'La Muse' Review

Twenty-four year-old Susan La Muse has god-like powers. Actually, her powers surpass those of God since she can reconstitute dead people from scraps of debris and restore them to full health and cognizance. She waves her arms and AIDS disappears from Africa. Every internal combustion engine changes to electric (although the question of what is generating this electricity is never answered.) She makes disparaging remarks about being a “white girl” while celebrating every other race. And she solves most of her problems through sex.

Straight sex, gay, bi, group, it doesn’t matter to the sexually omnivorous Susan whose libido knows no bounds. In her most asinine encounter, which becomes key to “world peace,” Susan pulls a train of skinhead Nazis who quickly see the light, accept their “bi-curious” strains and copulate with her and one another. Thereafter, anyone who views her sex tape becomes one with the world and all living things. And “Kumbaya” was heard in the land.

La Muse intends to be a serious look at the consequences of absolute power but views the world through a politically-correct lens that sets your teeth on edge. People naturally fear and hate her. After one of numerous assassination attempts, La Muse’s Boswell, her sister Libby, writes, “It was another bunch of zealots trying to kill her. Jihadists, anti-abortionists, anti-gay activists (though she’s not gay), intelligent design fanatics, the KKK, Neo-Nazis, you name it, they want her dead.”

Who’s missing from the above laundry list of traditional liberal bugaboos? That’s right. Liberals. No liberal ever wants anyone dead (unless it’s Rush Limbaugh or Clarence Thomas.)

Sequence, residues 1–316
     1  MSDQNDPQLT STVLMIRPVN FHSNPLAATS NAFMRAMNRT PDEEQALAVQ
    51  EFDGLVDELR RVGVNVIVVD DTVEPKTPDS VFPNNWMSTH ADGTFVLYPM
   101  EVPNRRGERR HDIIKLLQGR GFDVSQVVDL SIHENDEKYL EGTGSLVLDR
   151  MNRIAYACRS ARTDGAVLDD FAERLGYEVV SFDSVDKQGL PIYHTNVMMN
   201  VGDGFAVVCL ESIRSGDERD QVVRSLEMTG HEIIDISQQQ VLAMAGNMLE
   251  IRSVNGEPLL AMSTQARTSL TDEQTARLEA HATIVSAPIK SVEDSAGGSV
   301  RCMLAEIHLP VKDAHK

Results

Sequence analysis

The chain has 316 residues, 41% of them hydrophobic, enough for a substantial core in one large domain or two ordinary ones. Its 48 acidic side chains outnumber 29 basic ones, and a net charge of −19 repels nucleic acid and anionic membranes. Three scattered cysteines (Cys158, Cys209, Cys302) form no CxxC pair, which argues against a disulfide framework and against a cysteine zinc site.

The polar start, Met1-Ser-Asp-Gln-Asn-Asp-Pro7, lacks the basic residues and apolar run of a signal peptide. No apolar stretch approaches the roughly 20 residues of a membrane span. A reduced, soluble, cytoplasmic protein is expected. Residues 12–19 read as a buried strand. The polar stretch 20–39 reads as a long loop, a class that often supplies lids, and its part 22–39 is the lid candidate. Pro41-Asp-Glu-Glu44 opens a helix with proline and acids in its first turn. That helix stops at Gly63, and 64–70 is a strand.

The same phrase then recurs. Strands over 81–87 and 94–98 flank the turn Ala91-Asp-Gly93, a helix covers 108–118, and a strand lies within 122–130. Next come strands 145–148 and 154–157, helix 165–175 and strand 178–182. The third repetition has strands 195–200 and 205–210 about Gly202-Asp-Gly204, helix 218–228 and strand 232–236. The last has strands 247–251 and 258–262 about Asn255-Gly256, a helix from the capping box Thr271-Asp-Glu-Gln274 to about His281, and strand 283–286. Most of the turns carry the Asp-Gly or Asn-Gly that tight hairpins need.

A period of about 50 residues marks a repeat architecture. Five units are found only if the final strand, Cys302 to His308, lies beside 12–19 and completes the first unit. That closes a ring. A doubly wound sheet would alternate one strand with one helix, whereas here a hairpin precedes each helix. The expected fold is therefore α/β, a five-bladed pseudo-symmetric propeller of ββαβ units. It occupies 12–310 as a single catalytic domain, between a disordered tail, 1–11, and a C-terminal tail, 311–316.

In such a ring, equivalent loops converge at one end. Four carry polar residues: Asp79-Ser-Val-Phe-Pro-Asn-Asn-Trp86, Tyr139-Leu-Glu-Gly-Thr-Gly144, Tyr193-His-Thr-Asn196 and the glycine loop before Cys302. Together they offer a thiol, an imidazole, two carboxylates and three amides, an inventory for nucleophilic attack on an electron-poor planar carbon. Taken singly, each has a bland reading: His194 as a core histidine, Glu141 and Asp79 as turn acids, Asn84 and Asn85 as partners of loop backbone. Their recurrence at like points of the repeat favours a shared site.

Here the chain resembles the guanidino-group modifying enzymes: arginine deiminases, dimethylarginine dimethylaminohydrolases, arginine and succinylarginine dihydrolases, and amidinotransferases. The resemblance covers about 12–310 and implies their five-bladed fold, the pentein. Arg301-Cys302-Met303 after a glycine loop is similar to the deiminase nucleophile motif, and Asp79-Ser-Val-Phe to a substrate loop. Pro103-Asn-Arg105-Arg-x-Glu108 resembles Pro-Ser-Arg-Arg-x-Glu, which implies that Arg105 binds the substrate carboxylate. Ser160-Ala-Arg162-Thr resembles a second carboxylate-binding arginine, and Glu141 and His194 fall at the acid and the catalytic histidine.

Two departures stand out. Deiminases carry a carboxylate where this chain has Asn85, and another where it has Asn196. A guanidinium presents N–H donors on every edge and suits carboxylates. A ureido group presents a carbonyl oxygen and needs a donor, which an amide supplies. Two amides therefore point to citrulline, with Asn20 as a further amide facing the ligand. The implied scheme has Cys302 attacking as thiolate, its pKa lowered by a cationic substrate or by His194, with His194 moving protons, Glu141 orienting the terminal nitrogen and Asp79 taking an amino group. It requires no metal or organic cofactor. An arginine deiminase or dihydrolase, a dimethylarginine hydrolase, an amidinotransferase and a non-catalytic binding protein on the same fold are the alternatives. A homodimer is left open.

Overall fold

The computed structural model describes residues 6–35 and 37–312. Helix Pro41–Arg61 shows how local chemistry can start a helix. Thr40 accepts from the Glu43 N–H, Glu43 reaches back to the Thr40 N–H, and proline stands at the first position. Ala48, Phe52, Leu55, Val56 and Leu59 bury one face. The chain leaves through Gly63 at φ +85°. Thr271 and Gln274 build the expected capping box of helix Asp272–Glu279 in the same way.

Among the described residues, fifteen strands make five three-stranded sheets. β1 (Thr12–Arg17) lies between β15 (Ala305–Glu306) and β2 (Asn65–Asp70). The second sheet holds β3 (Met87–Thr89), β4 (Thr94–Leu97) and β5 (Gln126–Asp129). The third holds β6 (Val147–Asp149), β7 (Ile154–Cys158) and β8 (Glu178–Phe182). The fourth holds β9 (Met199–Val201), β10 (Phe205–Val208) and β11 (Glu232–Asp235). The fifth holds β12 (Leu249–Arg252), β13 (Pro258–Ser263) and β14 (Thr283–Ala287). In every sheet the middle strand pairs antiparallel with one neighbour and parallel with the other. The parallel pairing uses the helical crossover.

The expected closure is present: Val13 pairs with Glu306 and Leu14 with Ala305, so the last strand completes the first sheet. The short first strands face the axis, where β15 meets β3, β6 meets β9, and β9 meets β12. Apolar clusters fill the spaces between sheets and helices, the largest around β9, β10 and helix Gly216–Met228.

Libby’s an agent for a big shot talent agency. Naturally La Muse becomes an international celebrity and cover model. There’s a lot of inside industry talk. La Muse does interviews. Someone asks if she believes in God. “Really, I just don’t believe there’s a guy in the sky with a beard who hates gays.” At least not since the last time the Ayatollah Khomeni took an airplane. Chapter 2 is called “Enter the Haters.”

La Muse goes on the lecture tour. “Let’s get rid of predatory capitalism, not capitalism per se. There hasn’t been a free market for decades! The corporations have been fixing it! Decapitalization is the way to go! Rewrite capitalism so it works properly! Wealth gets redistributed by the market!” Once again a deep thinker betrays a lack of understanding about basic economics. It’s easy to rail against evil corporations-and so fresh! But where is the understanding that all modern blessings, the miracle drugs that prolong life, air-conditioning, television, the Internet, cars that allow us to cross continents in a few days, the wealth that permits government social programs, are all generated by the private sector? Has our culture become so debased that young people automatically absorb the smarmy assumptions of the liberal sea in which they are forced to swim?

I believe writer Adi Tantimedh is English, so I don’t hold him responsible for his lousy education. England seems to have gone the way of the Dodo bird. Tantimedh does have some good ideas and some good lines. La Muse’s decision to declare herself an independent country inspires thousands of others. That would be great if the focus were on individual rights and liberties, but La Muse only addresses tribes. Her parents show up and turn out to be inscrutably evil aliens.

Susan has only two speeds: full-bore overbearing alpha, and sob-sister. Neither personality is particularly appealing. The key to compelling fiction is to create sympathetic characters with whom the audience can identify.

Artist Hugo Petrus is a mixed bag, good with faces and often quite engaging, as in the full page spread of La Muse stopping a charging taxi on page 33. Elsewhere he fails to provide establishing shots and many of the characters begin to look alike.

Remarkably, the publisher and editor, Big Head Press (they are also my publisher,) are committed Libertarians! Editor Scott Bieser admits he anticipated a conservative backlash to the book, but that should not dissuade readers from seeking out their other publications, including The Probability Broach and Roswell, Texas by L. Neil Smith and Scott Bieser (who is a terrific artist,) and The Architect by yours truly.

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